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When planning a funeral, it’s easy to feel a little overwhelmed by all the new terms and definitions. If you are interested in burial as your method of final disposition, one term you may come across is sealer and non-sealer caskets. But what are they? How are they different? Today, let’s discuss each type of casket as well as 5 major differences between them.

Blue metal casket with pink flower spraying, waiting for burial

What is a Sealer Casket?

With a sealer casket, there is a rubber gasket (or some other sealing material) along the top edge of the casket, creating a seal when the lid (or “couch”) is closed. This mechanism creates an air-tight seal that traps air pressure and gases within the casket, which speeds up the decomposition process. This seal also prevents outside materials – like dirt, moisture, bugs – from getting inside the casket. However, please note, it’s not 100% guaranteed to keep everything out, especially if the casket is subject to flooding or some other natural disaster.

“Sealer” caskets go by several names, including “gasketed” caskets and “protective” caskets. Additionally, they are not recommended for use at a crypt or mausoleum because the casket may swell or expand when gases are unable to escape. There’s limited space in a mausoleum niche, so any expansion is a concern.

Silver metal casket with pink and white flower spray on top

Important Notes for Sealer Caskets:

  • If the person died of an infectious disease that poses a risk to the public, a sealer casket can reduce the risk of contagion.
  • In cases where the body is embalmed, a sealer casket can decrease the likelihood that chemicals will seep into the ground.
  • While a sealer casket doesn’t prevent decomposition, it does a better job at protecting the body from outside elements, like moisture, bacteria, and dirt.

What is a Non-Sealer Casket?

On the flip side, a non-sealer casket does not include a sealing system, but it still closes firmly and won’t break open. Decomposition is slower with non-sealer caskets because any air pressure and moisture can be released from the casket’s interior. Additionally, because they lack a seal, non-sealer caskets come in a wider range of materials, including some eco-friendly options.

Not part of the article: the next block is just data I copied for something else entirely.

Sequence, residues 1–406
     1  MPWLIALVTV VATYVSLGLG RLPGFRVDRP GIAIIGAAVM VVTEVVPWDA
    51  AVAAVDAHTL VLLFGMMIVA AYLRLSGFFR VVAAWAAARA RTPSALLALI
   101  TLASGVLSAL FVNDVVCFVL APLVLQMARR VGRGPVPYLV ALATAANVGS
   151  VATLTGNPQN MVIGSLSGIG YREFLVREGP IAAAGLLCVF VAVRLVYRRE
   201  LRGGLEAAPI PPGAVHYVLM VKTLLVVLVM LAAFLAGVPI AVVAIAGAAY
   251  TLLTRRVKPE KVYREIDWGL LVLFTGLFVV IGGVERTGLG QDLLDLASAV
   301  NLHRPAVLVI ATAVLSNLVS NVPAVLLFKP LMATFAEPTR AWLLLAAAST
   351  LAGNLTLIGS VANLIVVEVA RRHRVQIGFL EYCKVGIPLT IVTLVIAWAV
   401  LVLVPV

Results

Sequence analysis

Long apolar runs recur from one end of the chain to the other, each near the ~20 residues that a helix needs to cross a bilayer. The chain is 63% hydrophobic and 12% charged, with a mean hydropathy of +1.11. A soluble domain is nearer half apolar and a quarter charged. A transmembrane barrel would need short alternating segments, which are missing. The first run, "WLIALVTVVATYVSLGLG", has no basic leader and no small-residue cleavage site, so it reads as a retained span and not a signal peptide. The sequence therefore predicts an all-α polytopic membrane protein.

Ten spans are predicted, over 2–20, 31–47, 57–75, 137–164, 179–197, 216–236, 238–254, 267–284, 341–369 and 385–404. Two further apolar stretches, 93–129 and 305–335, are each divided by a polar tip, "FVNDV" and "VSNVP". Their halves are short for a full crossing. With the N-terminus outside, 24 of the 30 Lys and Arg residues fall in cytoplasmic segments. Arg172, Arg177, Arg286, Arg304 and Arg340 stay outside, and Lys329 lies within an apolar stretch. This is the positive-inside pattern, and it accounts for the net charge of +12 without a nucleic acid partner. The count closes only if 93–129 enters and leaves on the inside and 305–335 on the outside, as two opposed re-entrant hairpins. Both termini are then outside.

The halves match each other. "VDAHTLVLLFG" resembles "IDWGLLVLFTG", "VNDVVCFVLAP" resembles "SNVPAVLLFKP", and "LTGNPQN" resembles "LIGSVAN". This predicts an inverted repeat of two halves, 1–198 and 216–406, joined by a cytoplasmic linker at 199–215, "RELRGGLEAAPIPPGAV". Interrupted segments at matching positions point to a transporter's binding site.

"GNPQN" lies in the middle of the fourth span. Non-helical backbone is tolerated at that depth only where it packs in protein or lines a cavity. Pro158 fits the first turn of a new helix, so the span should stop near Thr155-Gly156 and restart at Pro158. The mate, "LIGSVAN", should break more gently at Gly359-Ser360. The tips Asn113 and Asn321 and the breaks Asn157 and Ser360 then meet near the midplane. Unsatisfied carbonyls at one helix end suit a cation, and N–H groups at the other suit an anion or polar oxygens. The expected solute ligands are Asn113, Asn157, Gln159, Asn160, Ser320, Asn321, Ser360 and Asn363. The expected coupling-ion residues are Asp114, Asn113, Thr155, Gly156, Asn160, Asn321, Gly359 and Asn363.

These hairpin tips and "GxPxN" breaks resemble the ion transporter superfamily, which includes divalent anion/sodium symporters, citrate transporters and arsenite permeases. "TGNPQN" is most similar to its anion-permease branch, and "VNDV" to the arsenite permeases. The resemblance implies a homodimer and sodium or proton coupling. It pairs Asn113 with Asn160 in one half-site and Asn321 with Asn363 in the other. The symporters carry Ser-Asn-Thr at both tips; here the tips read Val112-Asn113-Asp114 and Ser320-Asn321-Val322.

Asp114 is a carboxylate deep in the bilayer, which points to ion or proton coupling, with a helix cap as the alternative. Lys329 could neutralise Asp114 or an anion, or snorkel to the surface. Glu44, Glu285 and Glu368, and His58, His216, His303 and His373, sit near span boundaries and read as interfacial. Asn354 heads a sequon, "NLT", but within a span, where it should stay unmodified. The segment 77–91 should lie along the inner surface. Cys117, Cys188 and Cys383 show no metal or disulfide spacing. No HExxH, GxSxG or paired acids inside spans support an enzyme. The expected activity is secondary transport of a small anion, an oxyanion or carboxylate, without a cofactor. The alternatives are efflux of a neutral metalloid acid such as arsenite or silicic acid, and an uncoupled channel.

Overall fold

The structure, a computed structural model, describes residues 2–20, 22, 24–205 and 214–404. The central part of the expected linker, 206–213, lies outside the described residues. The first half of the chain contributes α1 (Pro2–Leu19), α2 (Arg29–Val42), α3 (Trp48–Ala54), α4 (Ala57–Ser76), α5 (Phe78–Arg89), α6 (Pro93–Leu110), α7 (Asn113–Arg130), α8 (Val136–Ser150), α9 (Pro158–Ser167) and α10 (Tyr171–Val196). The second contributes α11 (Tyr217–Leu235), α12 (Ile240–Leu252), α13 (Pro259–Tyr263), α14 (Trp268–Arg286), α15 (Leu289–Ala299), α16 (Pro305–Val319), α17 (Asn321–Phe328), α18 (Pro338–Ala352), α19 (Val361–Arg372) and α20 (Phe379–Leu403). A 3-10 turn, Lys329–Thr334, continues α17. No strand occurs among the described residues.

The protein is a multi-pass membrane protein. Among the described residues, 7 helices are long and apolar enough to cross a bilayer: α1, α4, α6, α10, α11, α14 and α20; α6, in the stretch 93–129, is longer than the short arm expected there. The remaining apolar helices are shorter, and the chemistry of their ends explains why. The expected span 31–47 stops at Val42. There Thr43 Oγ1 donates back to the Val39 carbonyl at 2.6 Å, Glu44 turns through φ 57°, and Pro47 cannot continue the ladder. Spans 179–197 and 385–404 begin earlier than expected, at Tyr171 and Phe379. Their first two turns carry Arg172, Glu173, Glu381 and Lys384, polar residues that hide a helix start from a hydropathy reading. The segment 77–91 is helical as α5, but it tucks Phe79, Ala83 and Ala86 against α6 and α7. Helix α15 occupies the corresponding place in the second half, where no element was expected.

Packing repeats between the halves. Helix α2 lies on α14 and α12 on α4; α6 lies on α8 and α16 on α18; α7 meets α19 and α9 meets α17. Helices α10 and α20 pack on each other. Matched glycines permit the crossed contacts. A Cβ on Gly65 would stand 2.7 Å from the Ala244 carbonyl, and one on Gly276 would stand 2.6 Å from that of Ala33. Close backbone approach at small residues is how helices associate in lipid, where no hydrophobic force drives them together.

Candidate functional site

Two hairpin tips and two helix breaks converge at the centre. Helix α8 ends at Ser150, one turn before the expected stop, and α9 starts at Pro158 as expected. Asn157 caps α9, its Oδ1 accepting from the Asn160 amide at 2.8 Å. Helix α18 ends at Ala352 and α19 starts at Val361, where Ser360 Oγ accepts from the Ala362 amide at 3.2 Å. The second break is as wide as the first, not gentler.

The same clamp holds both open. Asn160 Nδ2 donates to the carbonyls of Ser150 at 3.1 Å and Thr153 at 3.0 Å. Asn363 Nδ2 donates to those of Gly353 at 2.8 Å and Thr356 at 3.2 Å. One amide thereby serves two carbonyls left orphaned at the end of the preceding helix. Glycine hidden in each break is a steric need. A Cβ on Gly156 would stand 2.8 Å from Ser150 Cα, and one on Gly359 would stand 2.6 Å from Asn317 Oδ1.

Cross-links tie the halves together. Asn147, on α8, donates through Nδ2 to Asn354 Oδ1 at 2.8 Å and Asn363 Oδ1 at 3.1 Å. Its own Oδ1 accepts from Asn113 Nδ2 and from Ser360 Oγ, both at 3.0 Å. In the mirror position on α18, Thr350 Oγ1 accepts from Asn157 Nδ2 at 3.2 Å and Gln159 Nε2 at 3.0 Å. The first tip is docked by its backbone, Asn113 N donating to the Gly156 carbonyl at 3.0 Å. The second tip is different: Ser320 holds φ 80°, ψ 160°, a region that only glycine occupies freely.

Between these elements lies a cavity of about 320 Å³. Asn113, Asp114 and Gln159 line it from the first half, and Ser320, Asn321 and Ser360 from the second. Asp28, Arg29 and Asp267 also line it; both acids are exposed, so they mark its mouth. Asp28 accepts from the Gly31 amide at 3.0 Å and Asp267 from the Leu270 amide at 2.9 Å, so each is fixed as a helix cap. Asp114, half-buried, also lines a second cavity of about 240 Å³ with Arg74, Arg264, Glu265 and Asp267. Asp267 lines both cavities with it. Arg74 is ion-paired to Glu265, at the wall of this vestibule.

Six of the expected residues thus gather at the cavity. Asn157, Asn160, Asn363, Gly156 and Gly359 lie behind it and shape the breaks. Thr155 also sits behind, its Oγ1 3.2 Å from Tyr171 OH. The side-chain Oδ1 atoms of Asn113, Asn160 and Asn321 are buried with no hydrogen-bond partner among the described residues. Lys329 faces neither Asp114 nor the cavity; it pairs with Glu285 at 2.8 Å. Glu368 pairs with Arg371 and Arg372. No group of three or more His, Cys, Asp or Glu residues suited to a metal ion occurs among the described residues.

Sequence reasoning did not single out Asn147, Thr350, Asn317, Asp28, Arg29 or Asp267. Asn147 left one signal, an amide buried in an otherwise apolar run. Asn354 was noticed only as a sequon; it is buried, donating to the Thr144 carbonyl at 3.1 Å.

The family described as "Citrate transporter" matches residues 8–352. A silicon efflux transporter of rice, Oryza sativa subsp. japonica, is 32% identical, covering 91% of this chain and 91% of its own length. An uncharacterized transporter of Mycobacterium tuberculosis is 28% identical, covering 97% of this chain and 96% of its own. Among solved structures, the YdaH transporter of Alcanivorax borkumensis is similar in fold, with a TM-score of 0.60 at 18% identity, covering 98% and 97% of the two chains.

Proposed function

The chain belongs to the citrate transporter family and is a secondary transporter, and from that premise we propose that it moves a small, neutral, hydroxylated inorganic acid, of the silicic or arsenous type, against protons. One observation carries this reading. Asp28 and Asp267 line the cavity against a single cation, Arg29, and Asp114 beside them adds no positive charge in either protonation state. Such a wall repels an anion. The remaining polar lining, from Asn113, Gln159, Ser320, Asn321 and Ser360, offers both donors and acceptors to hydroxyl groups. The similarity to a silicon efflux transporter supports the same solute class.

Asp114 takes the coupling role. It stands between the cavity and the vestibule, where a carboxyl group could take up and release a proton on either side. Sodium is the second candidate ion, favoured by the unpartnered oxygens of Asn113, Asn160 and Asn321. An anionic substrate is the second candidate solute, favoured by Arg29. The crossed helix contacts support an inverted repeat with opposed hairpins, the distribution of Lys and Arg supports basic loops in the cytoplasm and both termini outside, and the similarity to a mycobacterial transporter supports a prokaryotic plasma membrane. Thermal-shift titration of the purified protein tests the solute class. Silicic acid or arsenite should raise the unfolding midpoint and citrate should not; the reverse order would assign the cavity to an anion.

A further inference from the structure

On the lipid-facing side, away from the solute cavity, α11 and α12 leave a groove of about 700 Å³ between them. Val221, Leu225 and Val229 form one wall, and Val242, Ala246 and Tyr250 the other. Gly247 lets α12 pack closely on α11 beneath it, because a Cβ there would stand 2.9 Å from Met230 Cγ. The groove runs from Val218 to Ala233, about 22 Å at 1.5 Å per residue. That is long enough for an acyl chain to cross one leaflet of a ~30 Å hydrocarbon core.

Wicker casket with memorial candle nearby

5 Major Differences Between Sealer and Non-sealer Caskets

Now that you know some basic facts about each type of casket, let’s take a deeper dive into 5 major differences between the two types of caskets, so you can choose the one that makes the most sense for your needs.

1. Cost

Because of the sealing mechanism and the fact that they are made of metal, a sealer casket is generally going to cost more than a non-sealer casket. However, you should consider your plans for the casket. If you are placing the casket at a mausoleum, a non-sealer casket may be best. On the other hand, if you are transporting the body by air, a sealer casket will likely be required by the airline.

2. Decomposition Rates

Decomposition rates differ between the two types. With sealer caskets, decomposition occurs more quickly due to the air pressure and moisture inside the casket. A non-sealer casket allows air pressure, moisture, and gases to escape, so the decomposition process slows down. If the decomposition rate matters to you or your chosen cemetery, choose the casket that best meets those needs.

Two people standing by white casket, placing pink flowers on top

3. Environmental Factors

If you are interested in natural burial, then a non-sealer casket is the better option. Without the sealing mechanism, you can choose a casket made of wood, bamboo, or even wicker. Sealer caskets, on the other hand, generally come in sturdier materials, like bronze, copper, or steel. Additionally, metal caskets don’t break down naturally, which makes them less environmentally friendly.

4. Transportation Needs

In cases where the body needs to travel long distances – especially by air – a sealer casket is best. Because it is considered leak-proof and air-tight, a sealer casket is preferred by airlines. After all, they don’t want a biohazard situation on their hands. Speak with your funeral director to determine if your funeral plans require a sealer or non-sealer casket.

Pallbearers carrying wooden casket

5. Above-ground Burial Considerations

If your funeral plans include above-ground burial – such as in a mausoleum – then a non-sealer casket may be the better choice. With above-ground burial, cemetery operators often prefer a slower rate of decomposition. Because of this, if you purchase a sealer casket, they may break the seal after the casket is placed in the mausoleum or crypt.

With a better understanding of sealer and non-sealer caskets, you can now make funeral decisions with more confidence. But remember – as with everything relating to a funeral, there’s no right or wrong choice. There’s only what makes the most sense for your family and your situation. Talk things over with a trusted funeral director. They will use their years of knowledge to help you understand what options are available based on your personal preferences.

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